Valletta City Break - Where to Stay / What to Do (2020)

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Valletta City Break - All The Things You Need To Know to Enjoy A Weekend in the Capital of Malta


In 1565, the Maltese islands weathered an attack from the Ottoman Turks that very nearly broke through the island’s meagre defences.

The bulk of the attacks were bombarded on Valletta, then a poorly-defended promontory with impressive sea views and easy access to the harbour. While history turned in favour of the Knights, the general opinion was that Valletta needed to be better equipped to defend the islands in the case of a second attack. 

The inaugural stone for Valletta was placed in 1566. Fortresses sprang up, the city’s streets were paved and redesigned in a gridlock formation, and elaborate buildings shaped the capital’s interior.

The capital became the holding place for the Knights of St. John, each segregated into an auberge dependent on their nation.

When the Knights left, Valletta continued to attract importance: kings and poets and artists have wove themselves in and out of its history, and while Valletta has always been a hub of importance, today the capital city is a treasured part of UNESCO World Heritage, a revered Capital of Culture (2018), and a part of Maltese living memory. 

A stay in Valletta is essential for any holiday trip, whether it’s a quick visit to tour the shops and museums, or a stop-off point on the way to other parts of the island. However, if you’re only in Malta for a weekend, and time is limited, why not consider staying in Valletta for the whole stay? 

Why You Should Opt for a Valletta City Break

While Valletta is a city, it isn’t always crowded - unless the cruise ships have stopped in port, or there’s a village feast scheduled, the city is comfortably full of people.

Summer months mean that Valletta is a little bit more crowded than normal, however you should still be able to go around and look at all the hotspots without too much of a delay. 

Furthermore, Valletta is located only a 15 minute drive away from the airport, making the trip there and back easy and low-stress for travellers looking for the ultimate relaxing getaway.

Similarly, there’s little reason to leave Valletta if you don’t want to, as the city has more than enough museums, restaurants, and sightseeing to fill up a weekend break amply. 

Most importantly, Valletta has a number of restaurants, cafes, hideaway delis, and food markets to suit any taste and any budget. In addition, Valletta also has quite a lot of hotels concentrated in the city itself. For a cheaper stay, you might want to venture to the outskirts, however if you’ve got the money to spend, there are higher-end hotels built into the old palazzos that are definitely a once-in-a-lifetime excursion.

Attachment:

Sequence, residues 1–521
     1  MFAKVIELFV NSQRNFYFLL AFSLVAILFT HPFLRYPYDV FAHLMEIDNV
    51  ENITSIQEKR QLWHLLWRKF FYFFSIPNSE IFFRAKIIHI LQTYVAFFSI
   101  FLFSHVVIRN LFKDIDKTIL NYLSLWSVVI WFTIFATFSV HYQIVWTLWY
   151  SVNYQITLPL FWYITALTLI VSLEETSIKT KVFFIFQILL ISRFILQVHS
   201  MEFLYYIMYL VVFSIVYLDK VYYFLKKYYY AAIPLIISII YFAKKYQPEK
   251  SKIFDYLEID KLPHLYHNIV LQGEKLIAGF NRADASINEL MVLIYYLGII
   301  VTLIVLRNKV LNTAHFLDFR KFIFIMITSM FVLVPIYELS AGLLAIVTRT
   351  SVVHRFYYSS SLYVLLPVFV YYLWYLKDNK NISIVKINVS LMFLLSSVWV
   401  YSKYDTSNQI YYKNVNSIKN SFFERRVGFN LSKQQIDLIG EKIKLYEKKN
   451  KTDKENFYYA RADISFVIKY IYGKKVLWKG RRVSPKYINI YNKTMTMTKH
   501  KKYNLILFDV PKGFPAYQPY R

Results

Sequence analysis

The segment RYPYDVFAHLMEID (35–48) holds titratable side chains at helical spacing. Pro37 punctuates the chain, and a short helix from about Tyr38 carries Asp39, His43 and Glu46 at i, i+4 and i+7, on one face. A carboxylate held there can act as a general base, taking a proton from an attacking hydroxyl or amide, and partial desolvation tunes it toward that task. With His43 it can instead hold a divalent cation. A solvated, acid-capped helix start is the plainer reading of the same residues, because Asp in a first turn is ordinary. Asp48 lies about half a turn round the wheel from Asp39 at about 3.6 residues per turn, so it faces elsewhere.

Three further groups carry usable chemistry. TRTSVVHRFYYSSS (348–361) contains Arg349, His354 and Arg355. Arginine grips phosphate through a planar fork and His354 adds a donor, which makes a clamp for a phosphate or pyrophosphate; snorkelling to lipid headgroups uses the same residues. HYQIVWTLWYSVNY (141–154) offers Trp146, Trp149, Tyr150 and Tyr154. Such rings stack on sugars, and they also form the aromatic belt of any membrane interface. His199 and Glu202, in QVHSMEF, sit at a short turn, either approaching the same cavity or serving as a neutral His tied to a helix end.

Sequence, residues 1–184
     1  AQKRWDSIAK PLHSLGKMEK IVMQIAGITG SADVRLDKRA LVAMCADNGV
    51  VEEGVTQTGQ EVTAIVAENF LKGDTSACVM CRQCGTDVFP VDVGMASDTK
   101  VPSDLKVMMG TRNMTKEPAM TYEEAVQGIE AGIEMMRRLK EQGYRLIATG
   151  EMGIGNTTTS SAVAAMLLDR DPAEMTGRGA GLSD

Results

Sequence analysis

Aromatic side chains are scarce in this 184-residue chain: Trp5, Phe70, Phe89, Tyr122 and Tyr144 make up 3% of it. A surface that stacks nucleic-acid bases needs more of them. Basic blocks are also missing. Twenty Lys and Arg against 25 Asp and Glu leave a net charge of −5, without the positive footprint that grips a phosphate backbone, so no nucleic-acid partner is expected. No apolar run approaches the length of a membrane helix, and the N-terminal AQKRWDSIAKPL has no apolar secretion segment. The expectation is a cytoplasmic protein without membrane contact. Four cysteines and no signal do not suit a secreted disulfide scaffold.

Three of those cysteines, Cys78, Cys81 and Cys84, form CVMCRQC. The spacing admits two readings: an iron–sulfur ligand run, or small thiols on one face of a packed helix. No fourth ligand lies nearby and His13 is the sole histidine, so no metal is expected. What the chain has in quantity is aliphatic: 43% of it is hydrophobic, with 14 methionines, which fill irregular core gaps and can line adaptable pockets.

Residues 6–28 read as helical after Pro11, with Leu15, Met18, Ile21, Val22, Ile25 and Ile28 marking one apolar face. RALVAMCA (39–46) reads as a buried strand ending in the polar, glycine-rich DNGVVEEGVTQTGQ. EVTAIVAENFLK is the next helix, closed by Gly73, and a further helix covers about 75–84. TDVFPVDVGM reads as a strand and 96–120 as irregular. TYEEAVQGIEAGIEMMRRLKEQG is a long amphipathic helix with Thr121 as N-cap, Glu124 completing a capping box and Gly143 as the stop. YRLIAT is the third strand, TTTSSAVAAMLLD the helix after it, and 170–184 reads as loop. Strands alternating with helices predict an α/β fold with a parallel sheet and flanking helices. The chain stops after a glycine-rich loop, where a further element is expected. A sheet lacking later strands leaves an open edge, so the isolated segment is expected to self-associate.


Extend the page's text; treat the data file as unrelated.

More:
Where to Stay


While it’s hard to recommend just the one place to stay in Valletta, the latest offering to the Valletta boutique hotel scene has a lot to recommend it! AX Rosselli is a tucked-away 5-star hotel catering to the traveller with no limitation on what they spend on comfort.

AX Rosselli Valletta

Boasting a beautiful interior lounge, and an outdoor pool - a rarity in Valletta! - AX Rosselli is a hotel built for refined pleasure and once-in-a-lifetime luxury. Rooms vary according to budget, but even the cheapest one is equipped to suit a king: smart LCD TV, climate control, private bathroom, and a coffee machine. The lounge area and courtyard are open to guests, and come with the promise of Prosecco or Frangolino, and there’s no better way to swim than looking at the Valletta skyline. 

Check Availability at Rosselli


Prefer to spend your money on tours and food? Totally understandable!

For a mid-range stay that doesn’t compromise on comfort, Palazzo Paolina Boutique Hotel offers comfortable rooms and a quiet side-street to call home. 

Palazzo Paolina

A reinvigorated palazzo, Palazzo Paolina Boutique Hotel is all about affordable luxury: marble, fine carpets, good ambience, and an on-site bar. 

Check Availability


Want to save even more of your money? Valletta is a treasure trove of tiny, well-appointed studio apartments and rare-find townhouses for rent for less than £100 per night.

Valletta Merisi Suites

While they sell out fast, if all you’re looking for is a safe place to sleep at the end of a hard day of exploring, we definitely recommend going for a studio apartment. Some of them come with antique Maltese balconies, the perfect place to sip your coffee in in the morning. 

Check Availability

What To Do - Places of Interest

So you’re in Valletta for a weekend. What do you do? 


We’re going to take you on a stop-by-stop walking tour of Valletta, starting from the City Gate and working all the way down. While most of the City’s hotspots are popular with tourists, there are a few that are more popular than others, and some that get overlooked on walking tours. However, we have the local knowledge to tell you where to go and why. 


Starting from the City Gate, you’re going to want to go: 


St. James Cavalier

An art museum and gallery space dedicated to an ever-changing constellation of Maltese artworks, some of which are interactive and in-person. At night, St. James Cavalier can also be found showing movies, so definitely keep a look on the website to see what’s on that day.